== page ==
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1859 and The Modern Cook has a wonderful somewhat challenging recipe for a Christmas Pie.

The book makes claim to some very good credentials so off we go.

‘First, bone a turkey, a goose, a brace of young pheasants, four partridges, four woodcocks, a dozen snipes, four grouse, and four widgeons (These are freshwater duck of Eurasia and northern Africa related to mallards and teals) then boil and trim a small York ham and two tongues.

Season and garnish the inside of the fore-named game and poultry with long fillets of fat bacon and tongue, and French truffles ; each must be carefully sewn up with a needle and small twine, so as to prevent the force-meat from escaping while they are being baked.

The Christmas Pie

When the whole of these are ready, line two round or oval braising- pans with thin layers of fat bacon, and after the birds have been arranged therein in neat order, and covered in with layers of bacon and buttered paper, put the lids on, and set them in the oven to bake rather slowly, for about four hours: then withdraw them, and allow them to cool.

While the foregoing is in progress, prepare some highly-seasoned aspic-jelly with the carcasses of the Game and poultry, to which add six calves-feet, and the usual complement of vegetables, &c, and when done, let it be clarified: one-half should be reduced previously to its being poured into the pie when it is baked. Make about sixteen pounds of hot-water paste (No. 1251)


Ingredients:—One pound of flour, four ounces of butter, a teaspoonful of salt, about a gill and a half of hot water.

Place the flour on the pastry-table, spread it out with the back of the hand, so as to form a well or hollow in the centre, into this put the salt. Next, put the butter and water into a stew pan over the fire, and when they are sufficiently heated, so that one can just bear the finger in, pour them both gradually in upon the flour, and mix them quickly together with the hand, taking particular care to knead the whole firmly, and at once, into a compact paste: then press this smoothly together in a napkin, and afterward keep it covered up in a stew pan in a warm place till used.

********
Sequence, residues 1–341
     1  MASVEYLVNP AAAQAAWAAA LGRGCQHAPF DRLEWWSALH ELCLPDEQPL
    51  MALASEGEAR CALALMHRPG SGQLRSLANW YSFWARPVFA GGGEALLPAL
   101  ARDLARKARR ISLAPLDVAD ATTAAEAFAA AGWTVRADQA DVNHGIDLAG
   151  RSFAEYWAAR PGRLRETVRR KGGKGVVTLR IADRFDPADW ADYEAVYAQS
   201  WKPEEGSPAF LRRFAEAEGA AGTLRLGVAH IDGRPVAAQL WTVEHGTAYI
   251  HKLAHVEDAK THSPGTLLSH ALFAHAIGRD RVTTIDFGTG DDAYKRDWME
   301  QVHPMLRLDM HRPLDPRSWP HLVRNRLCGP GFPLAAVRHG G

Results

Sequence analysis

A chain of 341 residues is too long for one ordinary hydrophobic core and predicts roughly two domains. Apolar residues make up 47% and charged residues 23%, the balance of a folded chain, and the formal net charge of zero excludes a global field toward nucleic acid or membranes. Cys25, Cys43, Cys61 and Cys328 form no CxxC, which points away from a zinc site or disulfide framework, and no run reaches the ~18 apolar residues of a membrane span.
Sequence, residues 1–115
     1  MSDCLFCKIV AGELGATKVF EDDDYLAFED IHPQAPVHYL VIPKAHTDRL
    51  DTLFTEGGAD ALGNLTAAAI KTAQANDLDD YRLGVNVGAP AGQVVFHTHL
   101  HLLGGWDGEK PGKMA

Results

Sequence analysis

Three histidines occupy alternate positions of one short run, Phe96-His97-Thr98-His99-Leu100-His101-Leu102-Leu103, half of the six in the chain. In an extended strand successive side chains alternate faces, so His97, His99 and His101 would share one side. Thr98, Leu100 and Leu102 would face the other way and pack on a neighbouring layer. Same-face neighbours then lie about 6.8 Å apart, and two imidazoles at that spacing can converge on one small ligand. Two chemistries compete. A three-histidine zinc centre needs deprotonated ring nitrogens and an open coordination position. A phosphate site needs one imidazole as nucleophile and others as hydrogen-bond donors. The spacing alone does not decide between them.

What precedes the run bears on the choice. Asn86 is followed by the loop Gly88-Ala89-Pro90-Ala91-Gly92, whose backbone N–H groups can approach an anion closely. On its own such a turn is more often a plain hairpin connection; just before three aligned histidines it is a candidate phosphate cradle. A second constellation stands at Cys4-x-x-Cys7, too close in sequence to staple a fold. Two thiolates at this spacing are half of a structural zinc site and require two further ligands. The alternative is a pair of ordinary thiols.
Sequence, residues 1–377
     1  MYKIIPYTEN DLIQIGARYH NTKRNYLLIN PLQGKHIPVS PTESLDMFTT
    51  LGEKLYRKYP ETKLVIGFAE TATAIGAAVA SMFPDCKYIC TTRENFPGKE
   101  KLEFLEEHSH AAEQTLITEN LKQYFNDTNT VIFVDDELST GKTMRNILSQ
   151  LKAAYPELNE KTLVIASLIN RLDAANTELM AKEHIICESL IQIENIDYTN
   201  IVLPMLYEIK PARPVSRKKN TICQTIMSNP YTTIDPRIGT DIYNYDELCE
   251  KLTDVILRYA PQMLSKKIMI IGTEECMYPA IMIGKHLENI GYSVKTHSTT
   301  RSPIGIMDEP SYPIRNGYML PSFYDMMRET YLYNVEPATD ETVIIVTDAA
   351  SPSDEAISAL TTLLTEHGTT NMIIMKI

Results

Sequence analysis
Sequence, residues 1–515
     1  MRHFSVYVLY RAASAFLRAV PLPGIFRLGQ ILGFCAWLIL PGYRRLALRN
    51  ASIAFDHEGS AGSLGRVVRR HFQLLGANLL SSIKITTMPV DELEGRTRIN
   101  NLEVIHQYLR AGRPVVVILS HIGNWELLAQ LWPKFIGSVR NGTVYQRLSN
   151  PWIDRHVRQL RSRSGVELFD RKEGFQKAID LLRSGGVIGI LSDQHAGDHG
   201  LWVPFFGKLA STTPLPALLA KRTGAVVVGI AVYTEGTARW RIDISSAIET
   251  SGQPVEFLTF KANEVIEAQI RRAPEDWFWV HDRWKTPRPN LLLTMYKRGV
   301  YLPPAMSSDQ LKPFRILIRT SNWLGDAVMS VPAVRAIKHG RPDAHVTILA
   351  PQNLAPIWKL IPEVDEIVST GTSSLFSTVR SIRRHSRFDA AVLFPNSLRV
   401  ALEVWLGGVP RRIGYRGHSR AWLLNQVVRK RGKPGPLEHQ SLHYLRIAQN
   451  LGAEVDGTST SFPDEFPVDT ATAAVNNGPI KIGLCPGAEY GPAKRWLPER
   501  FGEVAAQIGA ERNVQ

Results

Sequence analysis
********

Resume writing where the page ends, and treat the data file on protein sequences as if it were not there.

and use it to raise a pie of sufficient dimensions to admit of its holding the game and poultry prepared for the purpose, for making which follow the directions contained in the foregoing article. The inside of the pie must first be lined with thin layers of fat bacon’ over which spread a coating of well-seasoned force-meat of fat livers (No. 247)


Take the whole or part of a light-coloured calf’s liver, or several fat livers of any kind of poultry, if to be obtained. If calf’s liver be used, cut it into rather small square pieces, and, if time permit, steep them in cold spring water, in order to extract the blood, so that the force-meat may be whiter. Take the pieces of liver out of the water, and place them upon a clean rubber to drain the water from them. Meanwhile cut some fat ham or bacon (in equal proportion to the liver) into square pieces, put them into a sauté-pan on a brisk fire to fry, after which add the pieces of liver, and fry the whole of a light brown colour; season with cayenne pepper and salt, and a little prepared aromatic spice (No. 1250)


Take of nutmegs and mace, one ounce each ; of cloves and white pepper-corns, two ounces each ; of sweet-basil, marjoram, and thyme, one ounce each, and half an ounce of bay-leaves : these herbs should be previously dried for the purpose : roughly pound the spices, then place the whole of the above ingredients between two sheets of strong white paper, and after the sides have been twisted or folded over tightly, so as to prevent as much as possible the evaporation of the volatile properties of the herbs and spices, place them on a baking sheet in the skreen to become perfectly dry ; they must then be pounded quickly, sifted through a fine hair-sieve, corked up tightly in a dry bottle, and kept for use.

some chopped mushrooms, parsley, and three shallots. After this, take the pieces of liver and ham out of the pan, lay them on a chopping-board, and chop them fine ; then put them into a mortar with the remaining contents of the pan ; pound the whole thoroughly, and rub it through a wire sieve on to an earthen dish. This kind of force-meat, or farce, is an excellent ingredient in making raised pies. the birds should then be placed in the following order:—First, put the goose  the bottom with some of the small birds round it, filling up the cavities with some of the force-meat ; then, put the turkey and the pheasants with thick slices of the boiled ham between them) reserving the woodcocks and widgeons, that these may be placed on the top : fill the cavities with force-meat and truffles, and cover the whole with thin layers of fat bacon, run a little plain melted butter over the top surface, cover the pie in the usual manner, and ornament it with a bold design. The pie must now be baked, for about six hours, in an oven moderately heated, and when taken out, and after the reduced aspic above alluded to has been poured into it, stop the hole up with a small piece of paste, and set it aside in the larder to become cold.

Note.—The quantity of game, &c, recommended to be used in the preparation of the foregoing pie may appear extravagant enough, but it is to be remembered that these very large pies are mostly in request at Christmas time. Their substantial aspect renders them worthy of appearing on the side-table of those wealthy epicures who are wont to keep up the good old English style, at this season of hospitality and good cheer.’